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Spreading the wealth in the community & at home

Nearly 20 years ago, Thrivent client Brandon Wilkes decided he was ready for a change in his career. Working for Procter & Gamble at the time, he felt passionate about building a multiethnic, multiracial church. In 2004, he took a significant pay cut to join Peoples Church Cincinnati, as the director of Adult Ministries.

Then, Brandon and his wife, Dorothy, were called to reach further into their community and started a business dedicated to helping others make an investment in themselves and build generational wealth for their families. Launched in 2018, the mission of Investing in Peoples is to buy homes, renovate them and sell them to members of their congregation who have taken a financial management class. 

“My wife and I started Investing in Peoples to help those within our church grow into homeownership to gain financial stability for their future,” says Brandon. “We saw a need, an opportunity within our community to help people purchase their first home and create generational wealth.”

Their Thrivent financial advisor has helped them plan how they can continue to help those buying their first homes. "Thrivent has been a friend, a partner and a teammate for us," he says.

What is generational wealth?

Generational wealth refers to the financial assets that are passed from one generation of a family to the next. When you hear “wealth,” you probably think of cash, but assets also can include stocks and bonds, family businesses, real estate and other investments.

Homeownership is one of the best ways to build generational wealth. In fact, according to the U.S. Census Bureau’s “The Wealth of Households” report, home equity alone accounts for more than a quarter of a household’s wealth at 27.8%.

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How does homeownership build generational wealth?

There are six ways homeownership creates financial benefits and contributes to generational wealth:

1. It builds equity.

Equity is the difference between how much your home is worth and how much you owe on your mortgage, so with every mortgage payment you make, you’re increasing the percentage of your house that you own. With renting, on the other hand, every monthly rent payment goes to your landlord. To put this into perspective, the National Association of Realtors reports the net worth of a typical homeowner is about 40 times the net worth of a renter.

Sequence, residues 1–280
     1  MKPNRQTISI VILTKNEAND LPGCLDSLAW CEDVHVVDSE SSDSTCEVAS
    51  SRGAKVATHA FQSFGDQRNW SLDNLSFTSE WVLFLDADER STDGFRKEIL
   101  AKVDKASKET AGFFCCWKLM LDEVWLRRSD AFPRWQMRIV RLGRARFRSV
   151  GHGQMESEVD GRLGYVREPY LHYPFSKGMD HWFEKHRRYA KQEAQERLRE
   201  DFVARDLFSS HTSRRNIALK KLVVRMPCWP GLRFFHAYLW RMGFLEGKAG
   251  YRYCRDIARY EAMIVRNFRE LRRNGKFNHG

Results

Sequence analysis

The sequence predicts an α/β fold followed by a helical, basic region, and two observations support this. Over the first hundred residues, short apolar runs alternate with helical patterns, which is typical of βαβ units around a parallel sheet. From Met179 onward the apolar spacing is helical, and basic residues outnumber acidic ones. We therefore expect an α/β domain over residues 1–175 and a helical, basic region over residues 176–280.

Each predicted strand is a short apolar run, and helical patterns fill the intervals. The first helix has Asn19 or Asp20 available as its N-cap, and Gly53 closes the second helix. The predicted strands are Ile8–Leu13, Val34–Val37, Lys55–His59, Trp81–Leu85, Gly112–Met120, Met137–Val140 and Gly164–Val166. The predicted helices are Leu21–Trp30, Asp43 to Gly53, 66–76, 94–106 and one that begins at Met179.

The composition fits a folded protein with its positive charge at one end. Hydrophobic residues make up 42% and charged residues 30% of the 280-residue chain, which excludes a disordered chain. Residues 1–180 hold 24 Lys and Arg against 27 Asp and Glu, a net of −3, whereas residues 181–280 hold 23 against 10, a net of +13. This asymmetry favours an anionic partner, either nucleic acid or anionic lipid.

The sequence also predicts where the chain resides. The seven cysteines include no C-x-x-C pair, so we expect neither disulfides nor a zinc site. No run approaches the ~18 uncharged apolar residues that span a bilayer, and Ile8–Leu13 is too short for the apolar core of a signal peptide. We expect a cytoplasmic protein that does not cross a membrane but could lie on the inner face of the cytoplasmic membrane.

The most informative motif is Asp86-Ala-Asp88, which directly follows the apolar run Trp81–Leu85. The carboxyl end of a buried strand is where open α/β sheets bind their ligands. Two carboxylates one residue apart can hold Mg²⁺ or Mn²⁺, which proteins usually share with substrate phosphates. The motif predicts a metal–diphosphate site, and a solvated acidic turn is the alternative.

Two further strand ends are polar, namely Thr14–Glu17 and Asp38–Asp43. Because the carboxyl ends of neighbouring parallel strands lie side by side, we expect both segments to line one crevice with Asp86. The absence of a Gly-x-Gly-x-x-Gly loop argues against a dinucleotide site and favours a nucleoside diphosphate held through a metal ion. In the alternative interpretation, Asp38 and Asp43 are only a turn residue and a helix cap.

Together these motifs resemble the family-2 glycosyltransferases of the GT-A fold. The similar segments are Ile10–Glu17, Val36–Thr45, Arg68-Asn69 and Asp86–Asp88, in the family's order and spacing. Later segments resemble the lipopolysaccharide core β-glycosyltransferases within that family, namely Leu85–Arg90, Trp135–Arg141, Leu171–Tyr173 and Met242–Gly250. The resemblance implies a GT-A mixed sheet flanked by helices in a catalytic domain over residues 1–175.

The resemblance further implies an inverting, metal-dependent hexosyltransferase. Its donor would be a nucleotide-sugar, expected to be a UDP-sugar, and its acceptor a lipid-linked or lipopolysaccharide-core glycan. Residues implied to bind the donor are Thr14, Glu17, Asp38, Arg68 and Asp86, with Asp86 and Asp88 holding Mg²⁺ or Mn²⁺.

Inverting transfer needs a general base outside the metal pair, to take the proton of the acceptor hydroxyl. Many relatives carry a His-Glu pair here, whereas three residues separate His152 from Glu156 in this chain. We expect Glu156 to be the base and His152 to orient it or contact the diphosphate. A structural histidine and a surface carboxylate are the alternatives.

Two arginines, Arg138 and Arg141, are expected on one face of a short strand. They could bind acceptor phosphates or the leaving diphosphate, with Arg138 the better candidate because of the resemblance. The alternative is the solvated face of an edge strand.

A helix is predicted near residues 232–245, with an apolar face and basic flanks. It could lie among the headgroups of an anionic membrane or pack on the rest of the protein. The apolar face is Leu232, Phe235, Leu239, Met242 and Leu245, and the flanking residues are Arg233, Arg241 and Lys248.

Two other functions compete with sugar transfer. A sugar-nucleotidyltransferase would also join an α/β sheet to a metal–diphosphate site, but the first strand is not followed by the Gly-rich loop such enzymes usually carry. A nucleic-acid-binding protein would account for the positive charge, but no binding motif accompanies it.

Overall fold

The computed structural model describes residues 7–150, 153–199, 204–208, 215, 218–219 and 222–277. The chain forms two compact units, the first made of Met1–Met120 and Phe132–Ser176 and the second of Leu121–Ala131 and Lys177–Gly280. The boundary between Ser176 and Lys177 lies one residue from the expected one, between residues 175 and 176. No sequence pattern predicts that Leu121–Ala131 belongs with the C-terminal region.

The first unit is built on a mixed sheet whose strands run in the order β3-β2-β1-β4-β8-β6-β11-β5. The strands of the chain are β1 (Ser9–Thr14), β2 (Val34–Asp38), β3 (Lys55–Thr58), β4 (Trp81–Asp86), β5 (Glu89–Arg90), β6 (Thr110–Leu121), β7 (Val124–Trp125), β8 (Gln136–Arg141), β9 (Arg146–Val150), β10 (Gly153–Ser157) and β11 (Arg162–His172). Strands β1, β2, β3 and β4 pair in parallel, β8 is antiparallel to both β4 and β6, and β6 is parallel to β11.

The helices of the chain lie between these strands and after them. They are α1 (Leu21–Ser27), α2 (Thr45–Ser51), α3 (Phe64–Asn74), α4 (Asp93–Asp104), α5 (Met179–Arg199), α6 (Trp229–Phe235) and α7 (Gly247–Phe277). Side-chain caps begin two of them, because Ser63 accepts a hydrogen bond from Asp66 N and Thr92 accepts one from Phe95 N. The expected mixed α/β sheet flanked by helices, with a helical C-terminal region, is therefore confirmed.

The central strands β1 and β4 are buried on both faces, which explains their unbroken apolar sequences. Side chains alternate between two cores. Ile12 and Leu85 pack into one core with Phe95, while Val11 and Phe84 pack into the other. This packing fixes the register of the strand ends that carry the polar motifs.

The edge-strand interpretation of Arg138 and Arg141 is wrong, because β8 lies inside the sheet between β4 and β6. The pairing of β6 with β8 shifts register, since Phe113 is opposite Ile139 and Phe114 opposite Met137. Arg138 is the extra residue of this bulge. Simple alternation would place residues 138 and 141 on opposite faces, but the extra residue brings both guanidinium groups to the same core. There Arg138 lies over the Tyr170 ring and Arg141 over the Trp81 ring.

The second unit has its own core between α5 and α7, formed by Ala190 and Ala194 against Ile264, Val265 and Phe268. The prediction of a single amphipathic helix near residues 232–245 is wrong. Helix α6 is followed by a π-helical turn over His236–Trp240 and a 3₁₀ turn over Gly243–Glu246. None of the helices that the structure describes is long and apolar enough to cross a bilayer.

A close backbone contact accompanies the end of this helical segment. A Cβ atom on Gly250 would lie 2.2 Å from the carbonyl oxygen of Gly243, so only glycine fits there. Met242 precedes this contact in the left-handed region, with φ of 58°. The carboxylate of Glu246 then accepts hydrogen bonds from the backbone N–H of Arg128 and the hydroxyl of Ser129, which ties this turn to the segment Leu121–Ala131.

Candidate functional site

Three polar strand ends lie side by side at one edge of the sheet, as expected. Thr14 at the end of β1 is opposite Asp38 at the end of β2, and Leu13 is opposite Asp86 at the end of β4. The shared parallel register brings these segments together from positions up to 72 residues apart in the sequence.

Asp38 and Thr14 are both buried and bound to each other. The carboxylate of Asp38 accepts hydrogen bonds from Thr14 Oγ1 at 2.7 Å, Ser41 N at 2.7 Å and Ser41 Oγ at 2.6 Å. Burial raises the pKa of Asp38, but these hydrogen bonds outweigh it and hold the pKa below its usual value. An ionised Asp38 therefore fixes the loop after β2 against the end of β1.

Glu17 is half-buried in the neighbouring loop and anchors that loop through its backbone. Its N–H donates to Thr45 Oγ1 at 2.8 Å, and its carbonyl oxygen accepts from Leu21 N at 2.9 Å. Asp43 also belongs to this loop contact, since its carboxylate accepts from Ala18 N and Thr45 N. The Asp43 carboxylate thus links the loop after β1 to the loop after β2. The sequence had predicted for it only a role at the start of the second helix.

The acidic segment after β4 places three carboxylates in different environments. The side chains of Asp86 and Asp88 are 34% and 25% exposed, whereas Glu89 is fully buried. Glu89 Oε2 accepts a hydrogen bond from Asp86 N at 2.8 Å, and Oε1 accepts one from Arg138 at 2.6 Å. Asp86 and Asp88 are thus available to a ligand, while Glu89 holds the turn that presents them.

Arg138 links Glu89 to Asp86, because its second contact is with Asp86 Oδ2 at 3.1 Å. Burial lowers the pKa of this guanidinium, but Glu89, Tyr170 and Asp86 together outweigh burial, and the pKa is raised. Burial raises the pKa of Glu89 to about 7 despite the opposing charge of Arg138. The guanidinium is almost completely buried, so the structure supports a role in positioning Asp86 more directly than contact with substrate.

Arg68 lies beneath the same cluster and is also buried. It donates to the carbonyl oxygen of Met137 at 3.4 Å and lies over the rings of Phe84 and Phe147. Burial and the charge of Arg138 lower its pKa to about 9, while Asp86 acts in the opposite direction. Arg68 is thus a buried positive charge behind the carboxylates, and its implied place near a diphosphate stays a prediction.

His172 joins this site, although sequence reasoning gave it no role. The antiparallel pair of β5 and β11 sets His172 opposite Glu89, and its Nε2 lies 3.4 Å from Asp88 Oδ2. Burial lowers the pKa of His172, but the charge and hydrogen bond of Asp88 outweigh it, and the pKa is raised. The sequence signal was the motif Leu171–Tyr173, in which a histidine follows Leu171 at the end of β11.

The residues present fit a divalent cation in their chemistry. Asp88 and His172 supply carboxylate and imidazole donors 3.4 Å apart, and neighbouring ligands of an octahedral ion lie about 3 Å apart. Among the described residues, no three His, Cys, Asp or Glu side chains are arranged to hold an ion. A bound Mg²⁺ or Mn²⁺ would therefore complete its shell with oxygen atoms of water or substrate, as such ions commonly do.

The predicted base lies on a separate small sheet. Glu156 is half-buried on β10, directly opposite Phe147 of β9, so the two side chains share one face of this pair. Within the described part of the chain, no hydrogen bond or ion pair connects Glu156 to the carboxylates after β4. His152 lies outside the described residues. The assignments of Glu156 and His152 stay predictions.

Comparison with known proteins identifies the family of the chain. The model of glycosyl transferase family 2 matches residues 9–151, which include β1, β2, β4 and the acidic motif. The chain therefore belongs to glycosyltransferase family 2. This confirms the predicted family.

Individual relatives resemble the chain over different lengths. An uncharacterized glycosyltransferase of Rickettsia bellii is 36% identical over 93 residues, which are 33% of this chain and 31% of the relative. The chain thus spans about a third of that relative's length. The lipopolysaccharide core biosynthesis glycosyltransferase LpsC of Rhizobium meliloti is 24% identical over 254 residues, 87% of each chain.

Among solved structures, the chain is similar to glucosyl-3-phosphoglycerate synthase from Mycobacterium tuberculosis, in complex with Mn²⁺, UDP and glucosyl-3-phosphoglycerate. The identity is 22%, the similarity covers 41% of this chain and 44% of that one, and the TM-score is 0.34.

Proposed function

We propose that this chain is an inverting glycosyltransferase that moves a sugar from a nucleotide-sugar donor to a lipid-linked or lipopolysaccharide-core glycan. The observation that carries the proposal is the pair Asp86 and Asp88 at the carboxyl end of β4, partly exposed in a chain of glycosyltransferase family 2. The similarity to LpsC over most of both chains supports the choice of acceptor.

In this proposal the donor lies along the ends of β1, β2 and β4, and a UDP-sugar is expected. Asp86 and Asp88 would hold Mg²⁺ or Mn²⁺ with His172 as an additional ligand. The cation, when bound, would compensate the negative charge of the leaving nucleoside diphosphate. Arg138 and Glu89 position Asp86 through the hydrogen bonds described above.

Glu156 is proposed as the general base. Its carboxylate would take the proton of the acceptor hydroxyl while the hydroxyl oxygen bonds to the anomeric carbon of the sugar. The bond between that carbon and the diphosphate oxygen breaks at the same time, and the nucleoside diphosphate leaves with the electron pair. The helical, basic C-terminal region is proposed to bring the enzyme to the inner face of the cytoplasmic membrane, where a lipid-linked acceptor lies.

2. Your home appreciates.

As the value of a home increases over time—whether through natural appreciation or forced appreciation, like home improvements—so does your equity. Over the last decade, the median-priced home has become worth about $190,000 more, says the National Association of Realtors.

3. Your heirs can inherit the house tax-free.

When an heir inherits a home, the property value is brought up to fair market value on the date of the original owner’s death, a concept known as the stepped-up basis. Your heirs won’t have to pay any taxes on the property until they sell, at which point they’ll only owe capital gains taxes on the gains the home experienced since they inherited it. That means that if they choose to sell the property as soon as they inherit it, before it has the chance to appreciate further, they won’t pay any taxes.

4. It creates an automatic savings account.

If you want to keep your home, you must make your monthly mortgage payments, which, as stated earlier, increases your equity. This “forced savings account” is one of the best ways to pass on large amounts of money to the next generation without actually saving cash.

5. It helps you build credit.

As long as you make your mortgage payments on time every month, homeownership will help you build a good credit score, enabling you to qualify for new loans and lines of credit with the lowest interest rates.